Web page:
Explained: Ukraine’s Case Against Russia at The Hague
Analyzing the evidence presented by Ukraine accusing Russia of supporting “terrorism”
On Monday, oral observations began for Ukraine’s case against Russia at the International Court of Justice (ICJ) at The Hague, where Ukraine accuses Russia of funding and supporting terrorism in the Donbas and human rights violations in Crimea.
In its oral argument, Ukraine provides a handful of specific examples of alleged terrorism perpetrated by Russian-backed separatists against Ukrainian civilians. Ukraine claims that Russia bears responsibility for these acts of “terrorism” in the Donbas through its funding, outfitting, and support of separatist forces.
This article will examine the specific events cited by Ukrainian representatives and analyze how the Russian representatives responded. We will not attempt to discuss the merits of the legal arguments of either side, such as whether the actions of Russia-backed separatists can truly be classified as “terrorism,” as this is a task for the Court. Instead, we will focus solely on bringing additional context and verification to the specific incidents introduced by the Russian and Ukrainian representatives.
Recent Avdiivka shelling
The deadly shellings of Avdiivka over the last two months have produced a bevy of photographic and video materials showing the culpability of Russia-backed separatists. Among these video materials are a handful of user-generated videos showing Russia-backed separatists using Grad missiles in Donetsk, firing northwest towards Avdiivka.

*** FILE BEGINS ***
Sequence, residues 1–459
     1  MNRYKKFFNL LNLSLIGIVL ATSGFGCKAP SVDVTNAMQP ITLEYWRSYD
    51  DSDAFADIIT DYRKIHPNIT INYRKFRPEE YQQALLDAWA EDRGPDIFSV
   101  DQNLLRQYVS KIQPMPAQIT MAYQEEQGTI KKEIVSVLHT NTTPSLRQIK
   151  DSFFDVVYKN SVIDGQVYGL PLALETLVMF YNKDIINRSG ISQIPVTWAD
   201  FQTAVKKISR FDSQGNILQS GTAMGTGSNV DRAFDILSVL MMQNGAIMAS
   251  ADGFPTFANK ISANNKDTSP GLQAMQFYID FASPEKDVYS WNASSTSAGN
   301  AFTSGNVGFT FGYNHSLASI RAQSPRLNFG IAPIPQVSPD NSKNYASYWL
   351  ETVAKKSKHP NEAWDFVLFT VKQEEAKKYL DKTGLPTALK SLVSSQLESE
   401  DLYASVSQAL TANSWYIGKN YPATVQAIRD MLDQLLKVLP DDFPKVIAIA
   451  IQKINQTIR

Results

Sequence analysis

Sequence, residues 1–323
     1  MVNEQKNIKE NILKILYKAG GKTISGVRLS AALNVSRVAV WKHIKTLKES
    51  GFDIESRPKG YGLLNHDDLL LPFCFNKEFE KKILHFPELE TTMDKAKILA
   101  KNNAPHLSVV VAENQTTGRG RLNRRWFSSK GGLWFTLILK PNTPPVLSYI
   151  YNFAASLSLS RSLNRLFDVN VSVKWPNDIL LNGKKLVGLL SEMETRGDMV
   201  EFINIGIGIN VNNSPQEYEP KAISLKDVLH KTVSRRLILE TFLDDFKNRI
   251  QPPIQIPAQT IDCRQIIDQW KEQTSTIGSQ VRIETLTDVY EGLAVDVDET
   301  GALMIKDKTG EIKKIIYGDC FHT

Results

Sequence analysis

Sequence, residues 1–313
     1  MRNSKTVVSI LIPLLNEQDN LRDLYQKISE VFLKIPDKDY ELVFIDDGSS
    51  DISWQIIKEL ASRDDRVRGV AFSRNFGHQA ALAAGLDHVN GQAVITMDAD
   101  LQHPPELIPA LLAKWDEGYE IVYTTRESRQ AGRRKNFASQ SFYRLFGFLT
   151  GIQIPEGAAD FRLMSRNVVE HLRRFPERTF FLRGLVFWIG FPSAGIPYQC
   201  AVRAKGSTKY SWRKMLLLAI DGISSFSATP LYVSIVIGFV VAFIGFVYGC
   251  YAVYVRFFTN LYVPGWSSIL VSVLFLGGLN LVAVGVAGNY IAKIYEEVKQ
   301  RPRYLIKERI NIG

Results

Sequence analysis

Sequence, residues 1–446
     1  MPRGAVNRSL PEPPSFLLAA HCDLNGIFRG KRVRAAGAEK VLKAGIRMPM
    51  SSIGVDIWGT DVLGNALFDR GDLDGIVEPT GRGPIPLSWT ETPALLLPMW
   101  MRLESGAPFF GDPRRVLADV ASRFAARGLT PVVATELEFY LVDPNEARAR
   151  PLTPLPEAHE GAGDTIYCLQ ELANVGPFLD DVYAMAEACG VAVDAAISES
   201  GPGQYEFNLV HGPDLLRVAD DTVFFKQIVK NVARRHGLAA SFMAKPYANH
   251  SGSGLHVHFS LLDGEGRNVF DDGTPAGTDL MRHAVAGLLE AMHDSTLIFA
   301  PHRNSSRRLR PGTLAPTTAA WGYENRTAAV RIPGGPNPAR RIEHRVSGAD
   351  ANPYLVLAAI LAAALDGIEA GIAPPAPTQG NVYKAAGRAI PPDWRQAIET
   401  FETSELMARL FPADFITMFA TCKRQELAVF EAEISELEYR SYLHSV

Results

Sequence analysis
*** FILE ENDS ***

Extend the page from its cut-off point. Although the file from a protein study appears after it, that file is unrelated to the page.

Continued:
Burn marks from the firing Grads can be observed on the same day of the attacks in eastern Donetsk. Clearly, judging by the traces at the firing site, these Grads were pointed northwest — towards Avdiivka.
The chief of Ukraine’s Donetsk Oblast police, Vyacheslav Abroskin, shared photographs of some of the damage to residential areas in Avdiivka, as described in the oral proceedings of March 6.
A month after these specific Grad attacks, fighting near Avdiivka has subsided, but still continues.
The Russian response is two-fold: denying the extent of impact to civilians by citing OSCE reports, and by framing the admitted attacks against civilians in Avdiivka as shellings targeting Ukrainian military targets. The four tanks in Avdiivka mentioned by the Russian representatives were indeed near a residential area, but there were no reports of outgoing fire from the area.
Volnovakha Bus Attack
The Volnovakha bus attack is one of the bloodiest episodes of the war in the Donbas, claiming the lives of 13 civilians after Russia-backed separatists launched Grad missiles northeast of a Ukrainian checkpoint, where a bus was present at the time. A security camera captured the entire scene, showing incoming rockets fired from the northeast.